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DAVID HENSON 817-244-8444
Click here for chart (PDF) showing "PITCH" or frequency in Hertz (cycles per second)
Click here to see why high-tensile steel wire is used for a piano. [PDF]
STANDARD A-440 PITCH "Pitch" is where your piano is in relation to the standard A-440. The Audible Spectrum chart visually demonstrates this. Without yearly tuning the whole piano can fall half a note or more in 5-10 years. The higher treble notes are the quickest to go out of tune because of their shortness in length (relative to their diameter and tension). PITCH RAISING is sometimes necessary and should be done 3-4 days prior to tuning. Nothing can be done to overcome the laws of physics and make possible both pitch correction and fine tuning in one day.
A piano which has fallen half a note (50 cents) below standard pitch (A-440), cannot be brought up with just one tuning. It will begin falling immediately. This is high-tensile carbon steel wire which is very elastic. The natural tendency of piano wire is to go back to where it has been over time. (Conversely, if you lower the pitch it will go back up - sharp). Newly strung pianos must be raised constantly the first few weeks for this reason. What must happen is to overcome the resilience and stretch the wire until equalized throughout the entire length of the string. Equalization/stabilization cannot take place in one day because of this tempered 'spring steel' material, which is held in check at several bearing and pressure points located along the path of the string.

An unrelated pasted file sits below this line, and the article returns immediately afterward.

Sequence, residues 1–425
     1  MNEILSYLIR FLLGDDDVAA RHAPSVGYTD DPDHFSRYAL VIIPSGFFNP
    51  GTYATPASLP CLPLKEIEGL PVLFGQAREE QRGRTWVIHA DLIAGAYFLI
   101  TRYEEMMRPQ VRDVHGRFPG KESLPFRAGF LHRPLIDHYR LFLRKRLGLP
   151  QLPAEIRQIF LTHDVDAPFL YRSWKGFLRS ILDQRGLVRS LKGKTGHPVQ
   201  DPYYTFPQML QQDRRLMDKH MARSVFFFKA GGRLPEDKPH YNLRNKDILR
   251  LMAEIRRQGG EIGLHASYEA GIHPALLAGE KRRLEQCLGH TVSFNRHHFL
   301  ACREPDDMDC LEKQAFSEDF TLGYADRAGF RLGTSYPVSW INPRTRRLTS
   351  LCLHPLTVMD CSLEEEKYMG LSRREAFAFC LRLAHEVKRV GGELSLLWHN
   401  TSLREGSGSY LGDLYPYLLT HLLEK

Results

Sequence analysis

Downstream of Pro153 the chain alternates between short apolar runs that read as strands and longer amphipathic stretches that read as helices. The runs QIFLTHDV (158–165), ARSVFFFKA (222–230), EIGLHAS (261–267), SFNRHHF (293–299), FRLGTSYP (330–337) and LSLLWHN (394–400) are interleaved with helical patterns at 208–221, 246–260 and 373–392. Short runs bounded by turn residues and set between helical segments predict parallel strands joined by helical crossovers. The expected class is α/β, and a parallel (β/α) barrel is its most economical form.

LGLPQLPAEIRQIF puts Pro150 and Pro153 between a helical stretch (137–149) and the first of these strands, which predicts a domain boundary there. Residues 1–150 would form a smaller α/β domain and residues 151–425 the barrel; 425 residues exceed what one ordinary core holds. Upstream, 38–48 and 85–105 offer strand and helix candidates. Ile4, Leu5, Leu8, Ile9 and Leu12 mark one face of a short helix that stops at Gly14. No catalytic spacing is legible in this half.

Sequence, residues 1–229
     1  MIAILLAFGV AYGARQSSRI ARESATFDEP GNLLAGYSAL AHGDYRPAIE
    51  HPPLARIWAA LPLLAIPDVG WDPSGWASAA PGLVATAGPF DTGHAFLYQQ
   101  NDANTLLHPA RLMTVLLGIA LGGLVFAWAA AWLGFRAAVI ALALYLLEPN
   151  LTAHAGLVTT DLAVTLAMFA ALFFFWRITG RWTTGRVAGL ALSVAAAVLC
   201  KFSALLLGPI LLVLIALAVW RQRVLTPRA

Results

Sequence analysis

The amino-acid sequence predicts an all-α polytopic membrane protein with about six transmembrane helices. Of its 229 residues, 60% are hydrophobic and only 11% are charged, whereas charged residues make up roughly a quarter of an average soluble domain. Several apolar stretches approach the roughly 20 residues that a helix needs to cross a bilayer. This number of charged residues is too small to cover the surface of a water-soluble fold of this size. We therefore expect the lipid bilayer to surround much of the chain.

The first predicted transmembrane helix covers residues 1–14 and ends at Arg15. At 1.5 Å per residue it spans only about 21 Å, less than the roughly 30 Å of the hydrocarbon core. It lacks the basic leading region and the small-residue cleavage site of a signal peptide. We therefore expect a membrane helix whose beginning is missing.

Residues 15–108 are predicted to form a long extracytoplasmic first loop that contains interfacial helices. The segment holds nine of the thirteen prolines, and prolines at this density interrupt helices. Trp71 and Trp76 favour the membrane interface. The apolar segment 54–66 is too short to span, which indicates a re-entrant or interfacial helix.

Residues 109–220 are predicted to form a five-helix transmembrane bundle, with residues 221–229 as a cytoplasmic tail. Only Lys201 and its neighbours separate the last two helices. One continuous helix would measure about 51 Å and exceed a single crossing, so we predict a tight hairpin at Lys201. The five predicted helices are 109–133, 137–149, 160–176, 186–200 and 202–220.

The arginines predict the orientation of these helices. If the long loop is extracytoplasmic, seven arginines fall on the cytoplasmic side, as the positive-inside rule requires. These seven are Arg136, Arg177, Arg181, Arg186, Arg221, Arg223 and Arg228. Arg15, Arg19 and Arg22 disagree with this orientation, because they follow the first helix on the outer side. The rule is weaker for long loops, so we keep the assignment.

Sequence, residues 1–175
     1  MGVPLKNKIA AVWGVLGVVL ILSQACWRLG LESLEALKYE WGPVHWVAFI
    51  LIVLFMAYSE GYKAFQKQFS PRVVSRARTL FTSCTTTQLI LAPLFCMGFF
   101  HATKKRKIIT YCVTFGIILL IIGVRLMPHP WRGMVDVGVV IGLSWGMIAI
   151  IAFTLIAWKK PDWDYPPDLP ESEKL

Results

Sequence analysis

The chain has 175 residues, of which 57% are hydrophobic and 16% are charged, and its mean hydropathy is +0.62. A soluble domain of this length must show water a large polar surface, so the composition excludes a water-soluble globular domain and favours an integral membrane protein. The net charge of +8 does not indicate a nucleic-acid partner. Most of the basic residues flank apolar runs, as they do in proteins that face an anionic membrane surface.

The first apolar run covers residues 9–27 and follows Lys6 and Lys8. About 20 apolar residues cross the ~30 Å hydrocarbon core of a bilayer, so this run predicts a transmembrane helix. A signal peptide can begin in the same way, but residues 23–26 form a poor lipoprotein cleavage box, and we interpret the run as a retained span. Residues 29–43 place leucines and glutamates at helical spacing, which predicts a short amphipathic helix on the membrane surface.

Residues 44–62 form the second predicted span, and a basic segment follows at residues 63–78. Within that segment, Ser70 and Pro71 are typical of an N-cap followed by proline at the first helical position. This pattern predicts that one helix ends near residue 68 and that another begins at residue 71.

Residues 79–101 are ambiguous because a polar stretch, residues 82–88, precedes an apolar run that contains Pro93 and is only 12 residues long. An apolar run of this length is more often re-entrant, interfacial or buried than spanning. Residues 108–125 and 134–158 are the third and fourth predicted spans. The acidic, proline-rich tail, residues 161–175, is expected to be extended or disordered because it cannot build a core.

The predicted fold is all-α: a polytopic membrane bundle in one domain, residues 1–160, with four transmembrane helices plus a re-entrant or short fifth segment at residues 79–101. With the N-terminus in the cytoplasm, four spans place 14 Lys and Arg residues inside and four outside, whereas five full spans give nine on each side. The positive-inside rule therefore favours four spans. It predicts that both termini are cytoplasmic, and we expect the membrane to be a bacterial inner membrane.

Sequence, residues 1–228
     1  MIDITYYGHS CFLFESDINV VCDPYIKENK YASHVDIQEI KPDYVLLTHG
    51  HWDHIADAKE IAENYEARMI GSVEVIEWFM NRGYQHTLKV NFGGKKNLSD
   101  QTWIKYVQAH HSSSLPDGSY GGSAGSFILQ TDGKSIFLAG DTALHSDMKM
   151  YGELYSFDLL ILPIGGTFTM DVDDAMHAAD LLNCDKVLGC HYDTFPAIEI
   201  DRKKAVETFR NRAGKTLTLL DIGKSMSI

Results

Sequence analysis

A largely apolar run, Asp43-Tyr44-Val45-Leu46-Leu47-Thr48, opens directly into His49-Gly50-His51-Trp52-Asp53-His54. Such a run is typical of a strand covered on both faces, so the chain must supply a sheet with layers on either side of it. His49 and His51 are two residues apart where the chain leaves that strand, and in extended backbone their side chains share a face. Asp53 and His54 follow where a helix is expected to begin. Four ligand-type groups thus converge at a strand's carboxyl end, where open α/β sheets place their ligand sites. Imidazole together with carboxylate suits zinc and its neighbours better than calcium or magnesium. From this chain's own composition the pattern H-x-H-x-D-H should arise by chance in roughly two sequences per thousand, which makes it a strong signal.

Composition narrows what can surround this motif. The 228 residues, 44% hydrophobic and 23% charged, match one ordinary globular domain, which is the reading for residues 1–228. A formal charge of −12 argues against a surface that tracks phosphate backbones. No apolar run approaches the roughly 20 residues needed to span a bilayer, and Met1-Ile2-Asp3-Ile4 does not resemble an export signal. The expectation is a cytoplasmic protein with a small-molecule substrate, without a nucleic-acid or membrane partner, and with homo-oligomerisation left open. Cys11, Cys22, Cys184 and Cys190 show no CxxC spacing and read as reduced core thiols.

Pianos not only sound better at A44O, but most music will be more readily distinguished by the characteristics of certain major and minor keys. Those mentioned by Helmholtz, the scientist of aesthetics, in his research on the sensation of tone and perception of sound.
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